Regression models for the relative risk

\(\newcommand{\pr}{\mathbb{P}}\newcommand{\E}{\mathbb{E}}\) Relative risks (and risk differences) are collapsible

\begin{align*} a \end{align*}

and generally considered easier to interpret than odds-ratios. In a recent publication Richardson et al (JASA, 2017) proposed a new regression model for a binary exposure which solves the computational problems that are associated with using for example binomial regression with a log-link function (or identify link for the risk difference) to obtain such parameter estimates.

Let \(Y\) be the binary response, \(A\) binary exposure, and \(V\) a vector of covariates, then the target parameter is

\begin{align*} &\mathrm{RR}(v) = \frac{\pr(Y=1\mid A=1, V=v)}{\pr(Y=1\mid A=0, V=v)}. \end{align*}

Let \(p_a(V) = \pr(Y \mid A=a, V), a\in{0,1}\), then the idea is to posit a linear model for \[ \theta(v) = \log \big(RR(v)\big) \] and a nuisance model for the odds-product \[ \phi(v) = \log\left(\frac{p_{0}(v)p_{1}(v)}{(1-p_{0}(v))(1-p_{1}(v))}\right) \] noting that these two parameters are variation independent. Similarly, a model can be constructed for the risk-difference on the following scale \[\theta(v) = \mathrm{arctanh} \big(RD(v)\big).\]

p0 <- seq(0,1,length.out=100)
p1 <- function(p0,op) 1/(1+(op*(1-p0)/p0)^-1)
plot(0, type="n", xlim=c(0,1), ylim=c(0,1),
   xlab="P(Y=1|A=0)", ylab="P(Y=1|A=1)", main="Constant odds product")
for (op in exp(seq(-6,6,by=.25))) lines(p0,p1(p0,op), col="lightblue")
logrr <- 0.25; abline(a=0, b=exp(logrr), col=1, lty=2) # Add line \(\log(\mathrm{RR})=0.25\)

The model can be specified in lava using the following syntax

library("lava")
m <- lvm(a ~ x+z,
	 logrr ~ 1,
	 nuisance ~ x + z)
m <- binomial.rr(m, y ~ a | logrr | nuisance)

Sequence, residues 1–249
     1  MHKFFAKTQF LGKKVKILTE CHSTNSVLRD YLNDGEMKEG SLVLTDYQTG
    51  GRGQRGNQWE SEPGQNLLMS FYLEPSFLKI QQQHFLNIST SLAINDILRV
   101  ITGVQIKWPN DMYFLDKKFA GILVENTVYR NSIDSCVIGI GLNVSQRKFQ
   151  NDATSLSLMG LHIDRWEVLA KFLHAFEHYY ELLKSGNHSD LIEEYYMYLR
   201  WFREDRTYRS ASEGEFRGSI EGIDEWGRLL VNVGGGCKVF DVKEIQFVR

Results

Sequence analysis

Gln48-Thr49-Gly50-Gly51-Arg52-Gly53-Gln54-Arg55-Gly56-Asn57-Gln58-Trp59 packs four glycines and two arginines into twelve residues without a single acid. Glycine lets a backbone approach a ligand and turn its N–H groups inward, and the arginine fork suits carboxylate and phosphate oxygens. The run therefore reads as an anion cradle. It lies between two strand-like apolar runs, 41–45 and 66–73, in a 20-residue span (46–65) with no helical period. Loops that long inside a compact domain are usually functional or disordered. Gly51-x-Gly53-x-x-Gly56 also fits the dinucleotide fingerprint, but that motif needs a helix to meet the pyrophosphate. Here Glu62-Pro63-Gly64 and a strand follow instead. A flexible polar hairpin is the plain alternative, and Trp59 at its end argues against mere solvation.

## m <- binomial.rr(m, response="y",
## 		    exposure="a",
## 		    target.model="logrr",
## 		    nuisance.model="nuisance")
m
Error in binomial.rrw(x, response, exposure, target.model, nuisance.model,  :
  argument "exposure" is missing, with no default
Latent Variable Model

  a ~ x+z          gaussian
  logrr ~ 1        gaussian
  nuisance ~ x+z   gaussian

Exogenous variables:
  x        gaussian
  z        gaussian

We can then simulate from the model

d <- sim(m, n=5e4, seed=1, p=c(logrr=1))

A double-robust estimator can be using the target library

library(target)
riskreg(y ~ a | 1 | x+z | x+z, data=d, type="rr")

Relative risk model
  Response:  y
  Exposure:  a

             Estimate Std.Err     2.5%   97.5% P-value
log(RR):
 (Intercept) 1.004669 0.01327  0.97867 1.03067  0.0000
log(OP):
 (Intercept) 0.003391 0.02197 -0.03967 0.04645  0.8773
 x           1.003925 0.02343  0.95801 1.04984  0.0000
 z           1.007712 0.02348  0.96169 1.05373  0.0000
logit(Pr):
 (Intercept) 0.001136 0.01094 -0.02030 0.02257  0.9173
 x           1.004365 0.01366  0.97758 1.03115  0.0000
 z           1.004225 0.01372  0.97734 1.03111  0.0000
Avatar
Klaus Kähler Holst
Principal Scientist

My research interests include distributed robotics, mobile computing and programmable matter.